A survey on utilisation of outpatient care by households and individuals including the type of illness, type of providers utilised and OOPE: A large household survey on morbidity and utilisation was carried out in Chhattisgarh in November-December 2019. This survey was carried out by the State Health Resource Centre, a technical agency working for the Department of Health, Government of Chhattisgarh. The survey had a representative sample of state’s population, covering 1500 households with 8286 individuals. It was a two-stage randomized sample. It covered all the five geographical divisions of the state. The survey included data about self-reported acute ailments in last fifteen days, the type of care sought for them and OOPE.

  2. b)

    A survey of government health facilities to find their input costs: A survey of various kinds of government facilities was carried out in early 2020. For this facility survey, a representative sample of facilities was taken out of the government facilities from the areas as covered in the above mentioned household survey.

The health system of Chhattisgarh like most states of India is organized in different tiers - a Sub Health Centre (SHC) at 3000 to 5000 population, a Primary Health Centre (PHC) at 20,000 to 30,000 population, a Community health Centre at 80,000 to 120,000 population and a District Hospital (DH) at around a million population. DH and CHC provide secondary and primary care whereas PHCs and SHCs focus exclusively on primary care [14]. All these facilities handle three kinds of functions broadly: a) providing outpatient care b) providing inpatient care c) non-clinical public health functions. In addition, there are Community Health Workers (CHWs) looking at an average population of around 350, who are paid by government. Along with their role in preventive health, the CHWs are also trained to provide curative care at community level for specific ailments [15].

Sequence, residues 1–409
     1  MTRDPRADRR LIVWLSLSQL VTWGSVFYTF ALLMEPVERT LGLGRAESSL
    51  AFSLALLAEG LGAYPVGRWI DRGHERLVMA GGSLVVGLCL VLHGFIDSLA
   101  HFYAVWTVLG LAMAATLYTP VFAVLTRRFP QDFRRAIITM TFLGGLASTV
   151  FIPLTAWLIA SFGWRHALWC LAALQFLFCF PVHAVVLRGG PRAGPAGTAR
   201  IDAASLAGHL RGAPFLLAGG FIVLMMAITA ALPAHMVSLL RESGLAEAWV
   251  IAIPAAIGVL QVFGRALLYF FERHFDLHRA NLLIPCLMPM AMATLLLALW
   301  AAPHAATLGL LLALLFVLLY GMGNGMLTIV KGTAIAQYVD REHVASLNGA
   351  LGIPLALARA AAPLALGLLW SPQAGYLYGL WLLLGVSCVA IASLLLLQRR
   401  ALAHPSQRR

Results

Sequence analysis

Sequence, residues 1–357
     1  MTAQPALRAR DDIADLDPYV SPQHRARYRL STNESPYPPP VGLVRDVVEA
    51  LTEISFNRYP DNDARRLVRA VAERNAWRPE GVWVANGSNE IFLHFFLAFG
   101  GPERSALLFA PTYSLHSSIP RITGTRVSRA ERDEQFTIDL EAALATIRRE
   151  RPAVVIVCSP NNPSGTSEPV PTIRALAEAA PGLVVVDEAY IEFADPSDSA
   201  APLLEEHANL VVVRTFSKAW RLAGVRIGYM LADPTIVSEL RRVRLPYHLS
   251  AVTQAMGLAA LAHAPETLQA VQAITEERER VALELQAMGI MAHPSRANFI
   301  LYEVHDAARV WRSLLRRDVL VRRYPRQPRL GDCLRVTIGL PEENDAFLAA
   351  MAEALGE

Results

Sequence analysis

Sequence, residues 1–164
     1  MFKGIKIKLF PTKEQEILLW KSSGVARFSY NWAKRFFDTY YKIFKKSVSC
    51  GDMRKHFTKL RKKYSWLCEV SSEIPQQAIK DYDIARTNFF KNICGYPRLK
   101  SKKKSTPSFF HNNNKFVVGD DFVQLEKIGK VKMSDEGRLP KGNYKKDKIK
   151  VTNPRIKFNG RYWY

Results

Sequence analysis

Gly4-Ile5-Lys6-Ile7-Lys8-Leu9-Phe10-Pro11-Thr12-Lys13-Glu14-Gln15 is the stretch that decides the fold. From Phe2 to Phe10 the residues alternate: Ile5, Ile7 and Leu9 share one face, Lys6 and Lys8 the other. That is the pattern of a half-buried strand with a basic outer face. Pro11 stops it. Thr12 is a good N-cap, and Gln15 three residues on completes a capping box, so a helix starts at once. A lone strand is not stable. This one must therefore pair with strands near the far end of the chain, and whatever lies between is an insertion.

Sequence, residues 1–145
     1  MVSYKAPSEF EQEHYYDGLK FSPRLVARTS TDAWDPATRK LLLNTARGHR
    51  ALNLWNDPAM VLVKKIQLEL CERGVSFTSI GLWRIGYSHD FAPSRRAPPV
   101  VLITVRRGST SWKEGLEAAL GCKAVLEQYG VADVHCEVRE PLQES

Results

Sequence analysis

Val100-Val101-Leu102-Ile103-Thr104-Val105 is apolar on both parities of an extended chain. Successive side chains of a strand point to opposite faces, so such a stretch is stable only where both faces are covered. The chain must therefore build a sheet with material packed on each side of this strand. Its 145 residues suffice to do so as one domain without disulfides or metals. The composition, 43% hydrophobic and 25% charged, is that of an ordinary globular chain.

From each of the five districts covered in household survey; one DH, three CHCs, four PHCs, five SHCs and ten CHWs were selected randomly for this facility-survey.

Ethics approval for the study was obtained from the Institutional Ethics Committee of State Health Resource Centre, Chhattisgarh.

Type of providers

The providers from whom healthcare was received by individuals were classified into three main categories:

  1. a)

    Public providers: It included all government owned facilities as well as the CHWs paid by government.

  2. b)

    Private For-Profit Formal Providers: This included the qualified for-profit providers with formal registration.

  3. c)

    Informal Private Providers: This group included a variety of informal providers without medical education. They operated outside the law because they did not have the qualifications to get registered under the state’s law for clinical establishments [16].